‘Feminists are caught between a right-wing rock and a left-wing hard place’
In an era of faux-feminism there are many challenges from both sides of the political spectrum
“A good example of this faux-feminism is Donald Trump’s adviser Kelly-Anne Conway’s recent articulation of “conservative feminism”.
International Women’s Day is a good time to reflect on the state of the women’s movement. The last year, which heralded the terrifying rise of the hard-right and the dismaying fracturing of the left, makes for some difficult reflection. I want to talk about the challenges posed to feminism from both sides of the political spectrum in an era where the middle appears to have fallen out of Western politics.
I will start with some history. The first wave of feminism was non-partisan. The suffragists in Britain didn’t care if the Liberals or the Conservatives gave them the vote – they just wanted the vote. (And it was, in fact, a Conservative government that extended the vote to all women over 21 in 1928.) In the US, Susan B Anthony famously encouraged each and every woman to hold herself “non-partisan, or better all-partisan, pleading with every man of every party to stamp ‘yes’ at amendment No. XI.”
In contrast, the second wave of feminism was a partisan wave, associated with the left. This is because it arose from the New Left of the ’60s and ’70s, a movement which united socialist concern for the rights of the working classes with anti-war activism, the struggle for civil rights for African Americans, gay liberation, and reproductive rights. However, we shouldn’t mistake the fact that the second wave was leftist for the idea that the left was feminist. In fact, a large part of the impetus behind the rise of the second wave in the first place was the marginalisation and harassment of women within the New Left. Further, the increased inclusion of feminism in the remit of the US Democratic Party was part of what destroyed its working-class support in the ’70s.
I don’t suppose I will get much pushback if I suggest the present wave of feminism is also partisan, and also leftist. But I predict some ruffled feathers if I suggest the left is still hostile to feminism. Meanwhile, the right cleverly espouses a faux-feminism, co-opting the second wave’s language of independence and empowerment to detract from the kind of structural thinking necessary to end patriarchy.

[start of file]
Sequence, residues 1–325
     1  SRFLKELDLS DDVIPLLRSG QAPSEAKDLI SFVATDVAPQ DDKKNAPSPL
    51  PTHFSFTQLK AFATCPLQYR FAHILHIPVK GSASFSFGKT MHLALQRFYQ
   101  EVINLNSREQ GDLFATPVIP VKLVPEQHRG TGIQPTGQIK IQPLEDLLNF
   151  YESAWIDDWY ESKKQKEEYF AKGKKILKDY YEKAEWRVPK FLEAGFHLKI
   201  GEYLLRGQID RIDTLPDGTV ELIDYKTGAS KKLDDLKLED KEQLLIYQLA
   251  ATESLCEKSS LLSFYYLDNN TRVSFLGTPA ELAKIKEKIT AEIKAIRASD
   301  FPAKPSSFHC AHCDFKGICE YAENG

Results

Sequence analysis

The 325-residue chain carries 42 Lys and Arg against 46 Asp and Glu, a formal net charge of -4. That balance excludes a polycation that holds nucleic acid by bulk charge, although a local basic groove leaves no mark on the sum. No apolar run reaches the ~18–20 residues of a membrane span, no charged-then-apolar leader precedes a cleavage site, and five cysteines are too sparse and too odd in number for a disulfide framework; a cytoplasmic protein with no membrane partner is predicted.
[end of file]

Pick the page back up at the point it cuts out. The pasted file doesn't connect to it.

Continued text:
A good example of this faux-feminism is US president Donald Trump’s adviser Kellyanne Conway’s recent articulation of “conservative feminism” as follows: “There’s an individual feminism, if you will, that you make your own choices. I look at myself as a product of my choices, not a victim of my circumstances.” Conway goes on to detail the story of her mother’s hard work as a single parent as a lesson for all women.
Conway’s conservative feminism presents a fantasy of meritocracy, where those who work hard succeed, and those who simply make the right choices can withstand any diversity. In short, it exalts the agency of the individual above all social structures. And Conway herself, daughter of a single parent and now a powerful political player, claims to provide the proof of the pudding.
Have you noticed that the right and the far-right seem more comfortable with women in positions of leadership and power than the left? Theresa May, Marine Le Pen, Frauke Petry – these are women whose ideologies are anathema to me, yet I find it extremely interesting that the macho right can get behind them in a way the ostensibly more inclusive left can’t get behind its women. Why? Well, perhaps because these leaders can be used as faux-feminist exceptions to the rule, showing the barriers to inclusion revealed by structural analysis won’t stop women with enough grit.
This sheen of faux-feminism is dangerous, because it is alluring. Of course it is – who wants to play the victim? Who wants to believe their choices are constrained by the structures in which they live? And, anyway, what’s the other side selling? Actually, nothing terribly different.
For example, in late November, socialist and erstwhile presidential candidate Bernie Sanders told a young Latina women who asked him how she could become the second ever Latina senator, to move beyond “identity politics”. It wasn’t enough, he advised, for her to say: “I’m a Latina, vote for me.” Rather, she had to encourage people to vote for her through tackling the banking, insurance, drug and fossil-fuel industries.
Of course, the young woman’s question never implied that people should vote for her because she’s Latina. It implied, rather, the racial and gendered biases that would affect someone like her on her path to power. Effectively, the answer given as to how to deal with racism and sexism is the same as Conway’s – stop playing the victim, be a product of your choices.
So, we find ourselves as feminists between a right-wing rock – with its fairy tale of limitless individual agency – and a left-wing hard place – where acknowledging barriers to participation for women and people of colour results in warnings not to indulge in “identity politics”. This is clearly a juncture where insistence on the structural nature of women’s oppression is urgently necessary, and necessary in what Susan B Anthony might call an “all-partisan” manner.